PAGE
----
The organisation that funds GM research in this region says European rules are holding back progress.
The Biotechnology and Biological Sciences Research Council, which funds work at the John Innes Centre in Norwich, says the regulations need to be looked at to stop them stifling crop farming.
Experts believe the technology could be key to finding ways to meet food demands in the future.
"We should be focussing on the outcome, the actual change that we make, and we should be looking at the risk and the benefit of that outcome.
We shouldn't be worrying so much about the technique that we use to get there, because there isn't risks associated with the technique - it's what we use it for that's important."
As extreme weather continues to batter the region's coastline, a new development in Lowestoft could be the solution.Read the full story ›
Pupils taking GCSE astronomy in Milton Keynes have been speaking to one of their heroes - NASA astronaut Dr Stanley Love.
He was at the Open University to talk about pursuing a career in space, and about his mission to the International Space Station in 2008.
Dr Love performed two space walks during the mission, travelling on board the space shuttle Atlantis.
GCSE pupils studying astronomy have met one of their heroes - NASA astronaut Dr Stanley Love, at the Open University in Milton Keynes.Read the full story ›
Scientists in Cambridge say they have perfected a method for producing the form of carbon known as Graphene.
The team at Cambridge Nanosystems are now aiming to sell the material to companies who want to use it in their products.
Graphene is famous for its strength and ability to conduct heat.
"The Graphene is there. We have shown that it works, we have developed the layer that you would spray.
Now it's just a matter of people taking it forward."
Healthy eating can be hard to maintain. Busy lives often mean we reach for the quick, easy option - but not always the most nutritious.
Now researchers at the University of Cambridge have found that maintaining a balanced diet can also cost us a lot more.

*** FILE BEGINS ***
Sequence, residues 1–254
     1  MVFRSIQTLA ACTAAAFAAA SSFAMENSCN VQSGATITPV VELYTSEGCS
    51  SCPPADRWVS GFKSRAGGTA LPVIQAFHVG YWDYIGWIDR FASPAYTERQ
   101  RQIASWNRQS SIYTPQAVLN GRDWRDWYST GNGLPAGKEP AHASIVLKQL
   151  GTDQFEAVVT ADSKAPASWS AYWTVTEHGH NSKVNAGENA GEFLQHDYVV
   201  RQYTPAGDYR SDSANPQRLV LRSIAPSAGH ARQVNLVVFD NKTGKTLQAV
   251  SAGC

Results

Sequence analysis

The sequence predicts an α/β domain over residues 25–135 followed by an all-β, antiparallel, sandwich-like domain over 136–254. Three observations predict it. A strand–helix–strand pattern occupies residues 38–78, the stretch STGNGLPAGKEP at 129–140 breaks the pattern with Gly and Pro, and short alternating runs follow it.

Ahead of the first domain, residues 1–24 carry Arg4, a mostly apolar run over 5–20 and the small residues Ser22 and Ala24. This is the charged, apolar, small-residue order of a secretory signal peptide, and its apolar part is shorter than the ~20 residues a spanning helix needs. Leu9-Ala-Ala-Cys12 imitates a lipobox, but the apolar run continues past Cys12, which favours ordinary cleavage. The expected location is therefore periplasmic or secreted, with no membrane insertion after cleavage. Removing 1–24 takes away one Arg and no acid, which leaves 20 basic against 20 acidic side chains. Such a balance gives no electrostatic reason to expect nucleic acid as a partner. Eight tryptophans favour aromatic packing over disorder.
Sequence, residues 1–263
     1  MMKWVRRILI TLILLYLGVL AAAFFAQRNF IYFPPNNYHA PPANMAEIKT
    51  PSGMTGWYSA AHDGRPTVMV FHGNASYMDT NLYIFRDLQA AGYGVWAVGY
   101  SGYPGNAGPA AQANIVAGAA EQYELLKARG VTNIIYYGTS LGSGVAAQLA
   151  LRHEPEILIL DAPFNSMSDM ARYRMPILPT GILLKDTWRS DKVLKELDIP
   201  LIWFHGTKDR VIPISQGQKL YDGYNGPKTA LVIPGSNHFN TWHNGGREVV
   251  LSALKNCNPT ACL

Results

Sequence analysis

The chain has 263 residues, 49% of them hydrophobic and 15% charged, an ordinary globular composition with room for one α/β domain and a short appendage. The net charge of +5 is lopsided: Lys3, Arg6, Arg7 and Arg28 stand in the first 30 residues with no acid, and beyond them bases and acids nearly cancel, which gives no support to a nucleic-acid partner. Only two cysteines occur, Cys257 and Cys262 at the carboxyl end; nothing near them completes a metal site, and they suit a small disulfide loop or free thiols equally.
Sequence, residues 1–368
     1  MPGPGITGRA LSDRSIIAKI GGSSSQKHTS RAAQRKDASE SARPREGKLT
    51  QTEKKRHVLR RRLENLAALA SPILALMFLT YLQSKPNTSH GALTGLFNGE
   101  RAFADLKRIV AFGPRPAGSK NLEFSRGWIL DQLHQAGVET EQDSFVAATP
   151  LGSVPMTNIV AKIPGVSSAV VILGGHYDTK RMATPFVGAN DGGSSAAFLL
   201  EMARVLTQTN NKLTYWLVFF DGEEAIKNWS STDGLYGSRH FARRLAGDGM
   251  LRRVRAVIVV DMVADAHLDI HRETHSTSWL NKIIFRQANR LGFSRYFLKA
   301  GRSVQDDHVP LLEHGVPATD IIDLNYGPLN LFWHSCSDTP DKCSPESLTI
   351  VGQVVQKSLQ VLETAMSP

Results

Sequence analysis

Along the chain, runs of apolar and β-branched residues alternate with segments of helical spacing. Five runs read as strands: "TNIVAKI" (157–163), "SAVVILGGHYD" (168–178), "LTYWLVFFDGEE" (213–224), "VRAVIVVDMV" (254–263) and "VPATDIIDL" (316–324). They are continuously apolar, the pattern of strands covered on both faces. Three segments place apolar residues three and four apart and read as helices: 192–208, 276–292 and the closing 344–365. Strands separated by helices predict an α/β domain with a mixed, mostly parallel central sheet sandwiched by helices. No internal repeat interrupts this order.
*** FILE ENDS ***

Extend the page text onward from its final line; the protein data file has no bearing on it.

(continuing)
They tracked nearly 100 items, and found a growing price-difference between what the Government classifies as healthy, and not-so-healthy foods.
Click below to watch a report from ITV News Anglia's Olivia Paterson
The Scott Polar Research Institute in Cambridge has been given £500,000 from the Heritage Lottery Fund.
The money will be used to buy exhibits for the Ernest Shackleton project which aims to collect more material about the famous British explorer.
A share of £5million has been handed out to 23 museums across the UK as part of the "Collecting Cultures" programme.
A woolly mammoth's tooth and the bones of a finback whale are being put on show in an exhibition at the Polar Museum in Cambridge.
The items are among many that have been provided on loan from a number of museums run by the University of Cambridge.
Objects from the University's museums have been paired with items from the collections at the Polar Museum which is part of the university-run, Scott Polar Research Institute.
Called "The Thing Is", the aim is to help visitors understand why they were collected, what their meaning is and how they are cared for.
Mammoths lived between 5 million and 4,500 years ago and the tooth has been paired with a piece of scrimshaw, an ivory carving made by whalers.
This display highlights some exceptional examples of connections between the eight University of Cambridge Museums.
How do you choose to commute to work every day? Well according to a new report, if you cycle or walk, then you are a happier person.
Researchers at the University of East Anglia studied 18,000 commuters dating back over two decades.
They found that people who swapped their cars for bikes or walking, were under less strain and able to concentrate more while in the office, while using public transport also improved their well-being.
Commuters who switch from driving to walking or using public transport are happier, according to scientists.
Researchers from the University of East Anglia in Norwich and the University of Cambridge studied 18 years of data, on almost 18,000, 18-65 year old commuters in Britain.
They found people were less stressed and better-able to concentrate when they ditched their cars.
Data from the 2011 Census shows more than six in 10 commuters use cars or vans to get to work.